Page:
The Missing Voice in Education Debates

“Learning is not a product of teaching. Kids are born learning. They learn how to walk, how to talk. They’re basically little scientists. If we don’t stop that process, it will continue.” ― Grace Llewellyn

“We can best help children learn, not by deciding what we think they should learn and thinking of ingenious ways to teach it to them, but by making the world, as far as we can, accessible to them, paying serious attention to what they do, answering their questions — if they have any — and helping them explore the things they are most interested in.” ― John Holt

I don’t care that “they” want to teach common core in public schools.

I don’t care that “they” cut back on things like music and theater in public schools.

I don’t care that “they” think recess is less important than math.

I care that there is a “they,” besides the actual customers that pay for educational services and products, who get to decide what constitutes a good education for everybody else.

I care that our conventional approach to education is based on the premise that someone other than parents and their children knows what’s best for parents and their children.

Human beings have always had diverse understandings regarding what it means to learn and what’s most important to study. Differences in educational philosophy aren’t the problem. Systems that refuse to respect and accommodate those differences are the problem.

The people who exercise the most power in determining what children have to study are often the people who are the least affected by the real-world choices those children will have to grow up and make.

What industry is capable of thriving without having the utmost regard for the preferences and priorities of the very people it serves? What business could possibly succeed by telling its customers that they are wrong for being bored and dissatisfied with their product?

We spend so much time and money trying to figure out how to make students interested in topics they’re clearly not interested in learning. Perhaps we should make an equal investment towards questioning our own assumptions about what’s truly important. Children are naturally curious. In fact, children are almost annoyingly curious. They don’t stop asking questions until we indoctrinate them with our own ideas about what types of questions they ought to ask. Children are natural learners. They don’t lose their passion for learning until we extinguish it with our outdated, unquestioned, and unsubstantiated dogmas about what it “really” means to be informed.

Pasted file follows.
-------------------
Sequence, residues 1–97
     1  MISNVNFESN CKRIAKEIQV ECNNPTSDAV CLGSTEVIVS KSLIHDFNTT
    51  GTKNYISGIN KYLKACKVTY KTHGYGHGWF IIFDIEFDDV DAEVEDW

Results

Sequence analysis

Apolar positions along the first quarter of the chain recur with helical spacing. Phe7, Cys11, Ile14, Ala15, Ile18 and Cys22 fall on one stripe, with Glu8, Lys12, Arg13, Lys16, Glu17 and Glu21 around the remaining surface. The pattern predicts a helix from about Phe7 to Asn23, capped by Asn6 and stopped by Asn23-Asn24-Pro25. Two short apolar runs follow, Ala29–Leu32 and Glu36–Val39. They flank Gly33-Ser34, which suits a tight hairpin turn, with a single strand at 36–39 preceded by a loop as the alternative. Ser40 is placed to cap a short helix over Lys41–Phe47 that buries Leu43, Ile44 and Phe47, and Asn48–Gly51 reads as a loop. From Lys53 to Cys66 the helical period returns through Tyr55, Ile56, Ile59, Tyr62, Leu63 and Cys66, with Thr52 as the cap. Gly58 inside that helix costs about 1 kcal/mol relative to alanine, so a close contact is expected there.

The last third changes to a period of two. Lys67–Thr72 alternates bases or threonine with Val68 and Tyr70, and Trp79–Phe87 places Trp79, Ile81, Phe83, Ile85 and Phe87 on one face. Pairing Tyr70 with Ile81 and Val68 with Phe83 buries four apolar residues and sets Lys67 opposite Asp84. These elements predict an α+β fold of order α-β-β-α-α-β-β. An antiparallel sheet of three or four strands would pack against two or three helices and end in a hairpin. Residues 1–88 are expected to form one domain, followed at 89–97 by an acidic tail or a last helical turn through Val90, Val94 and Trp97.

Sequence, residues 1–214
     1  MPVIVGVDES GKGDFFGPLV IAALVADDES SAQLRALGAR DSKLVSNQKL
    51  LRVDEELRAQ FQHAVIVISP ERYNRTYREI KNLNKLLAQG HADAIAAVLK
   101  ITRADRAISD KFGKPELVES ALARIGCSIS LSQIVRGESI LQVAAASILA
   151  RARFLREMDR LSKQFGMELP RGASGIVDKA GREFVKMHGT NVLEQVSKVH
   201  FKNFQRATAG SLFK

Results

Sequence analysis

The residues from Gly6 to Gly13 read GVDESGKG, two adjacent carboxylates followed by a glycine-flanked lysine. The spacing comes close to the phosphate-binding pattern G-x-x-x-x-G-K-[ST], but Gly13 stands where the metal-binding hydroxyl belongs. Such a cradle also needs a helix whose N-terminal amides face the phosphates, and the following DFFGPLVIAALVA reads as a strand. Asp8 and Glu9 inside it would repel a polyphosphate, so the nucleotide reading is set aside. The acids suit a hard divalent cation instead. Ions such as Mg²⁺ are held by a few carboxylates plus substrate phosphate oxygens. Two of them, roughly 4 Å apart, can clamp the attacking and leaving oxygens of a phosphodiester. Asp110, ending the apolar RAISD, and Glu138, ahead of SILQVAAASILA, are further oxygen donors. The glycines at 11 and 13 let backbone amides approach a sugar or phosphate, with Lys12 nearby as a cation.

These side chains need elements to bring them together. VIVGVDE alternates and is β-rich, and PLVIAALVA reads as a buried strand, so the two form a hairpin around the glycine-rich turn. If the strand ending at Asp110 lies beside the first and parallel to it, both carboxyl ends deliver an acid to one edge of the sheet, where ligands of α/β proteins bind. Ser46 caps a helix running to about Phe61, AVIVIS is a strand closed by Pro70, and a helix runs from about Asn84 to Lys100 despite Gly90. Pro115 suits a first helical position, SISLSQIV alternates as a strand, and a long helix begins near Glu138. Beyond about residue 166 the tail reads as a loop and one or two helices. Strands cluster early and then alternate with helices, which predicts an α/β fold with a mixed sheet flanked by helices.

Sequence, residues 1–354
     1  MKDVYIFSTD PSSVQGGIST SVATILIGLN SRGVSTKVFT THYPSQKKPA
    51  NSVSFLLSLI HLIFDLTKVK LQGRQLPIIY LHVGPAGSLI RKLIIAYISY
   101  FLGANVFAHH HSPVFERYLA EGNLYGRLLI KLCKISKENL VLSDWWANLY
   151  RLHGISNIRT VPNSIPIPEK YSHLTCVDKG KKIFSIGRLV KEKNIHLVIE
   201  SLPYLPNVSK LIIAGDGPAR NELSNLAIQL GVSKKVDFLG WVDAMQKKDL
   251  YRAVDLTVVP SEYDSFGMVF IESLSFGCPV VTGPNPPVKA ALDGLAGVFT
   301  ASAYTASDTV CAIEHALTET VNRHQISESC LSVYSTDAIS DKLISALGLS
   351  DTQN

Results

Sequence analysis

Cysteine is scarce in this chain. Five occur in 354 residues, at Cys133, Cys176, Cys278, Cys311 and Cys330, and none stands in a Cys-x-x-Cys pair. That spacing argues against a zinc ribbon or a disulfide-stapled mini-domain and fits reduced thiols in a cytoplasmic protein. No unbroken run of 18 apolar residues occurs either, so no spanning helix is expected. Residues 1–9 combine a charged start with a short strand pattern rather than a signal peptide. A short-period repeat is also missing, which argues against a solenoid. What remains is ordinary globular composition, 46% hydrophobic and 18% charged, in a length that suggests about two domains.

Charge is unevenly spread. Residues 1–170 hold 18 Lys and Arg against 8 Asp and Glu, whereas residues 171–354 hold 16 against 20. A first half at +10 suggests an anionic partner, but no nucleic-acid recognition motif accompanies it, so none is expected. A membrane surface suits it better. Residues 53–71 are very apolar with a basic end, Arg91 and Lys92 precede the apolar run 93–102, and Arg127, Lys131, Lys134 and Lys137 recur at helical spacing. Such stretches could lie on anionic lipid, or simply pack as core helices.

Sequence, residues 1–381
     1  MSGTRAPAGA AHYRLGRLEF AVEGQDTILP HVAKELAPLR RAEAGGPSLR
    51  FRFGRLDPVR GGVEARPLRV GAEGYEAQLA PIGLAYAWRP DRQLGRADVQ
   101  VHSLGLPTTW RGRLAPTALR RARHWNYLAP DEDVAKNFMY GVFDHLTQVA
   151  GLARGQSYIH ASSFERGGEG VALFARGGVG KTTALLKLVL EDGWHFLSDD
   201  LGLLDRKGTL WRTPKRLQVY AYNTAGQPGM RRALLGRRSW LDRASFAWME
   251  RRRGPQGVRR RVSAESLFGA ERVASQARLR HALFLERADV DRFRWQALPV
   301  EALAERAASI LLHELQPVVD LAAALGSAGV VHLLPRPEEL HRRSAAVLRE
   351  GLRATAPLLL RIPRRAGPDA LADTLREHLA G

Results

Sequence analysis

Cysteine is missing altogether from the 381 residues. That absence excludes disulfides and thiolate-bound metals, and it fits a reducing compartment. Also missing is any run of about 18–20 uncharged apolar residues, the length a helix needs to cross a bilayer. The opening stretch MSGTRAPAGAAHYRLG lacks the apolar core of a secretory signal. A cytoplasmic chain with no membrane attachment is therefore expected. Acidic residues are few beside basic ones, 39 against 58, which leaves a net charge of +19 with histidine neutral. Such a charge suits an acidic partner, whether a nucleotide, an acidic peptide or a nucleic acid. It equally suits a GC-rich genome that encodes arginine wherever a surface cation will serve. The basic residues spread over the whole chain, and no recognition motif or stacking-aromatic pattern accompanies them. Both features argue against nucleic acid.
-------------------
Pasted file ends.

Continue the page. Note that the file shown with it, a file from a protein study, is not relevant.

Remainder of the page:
Before we start conditioning people to believe that their interests are irrelevant and irresponsible in relation to practical concerns, they’re already providing us with evidence that, to borrow the words of Grace Llewellyn, “learning was there all the time, happening by itself.”

The question is not “How do we get people interested in education?”

The question is “How do we stop destroying people’s innate sense of wonder?”

Finding the answer is the most humbling part. It means we have to stop playing politics and start listening respectfully to the ones we’re trying to teach. Because no matter what your philosophy or pedigree is, you can’t teach someone unless you’re willing to let them teach you. Compulsory schooling is right in its assumption that education begins with the teacher. Unfortunately, it’s still confused over the issue of who should be teaching who.

Originally published as “What Really Irks Me About Debates on Education” at on October 16th, 2015.

T.K. Coleman is the co-founder and education director for Praxis, a 12-month apprenticeship program that combines a traditional liberal arts education with practical skills training, one-on-one coaching, academic mentoring, group discussions, professional development workshops, and real-world business experience. T.K. is an avid lover of ideas and blogs regularly on personal development, education, and philosophy at and the Praxis blog.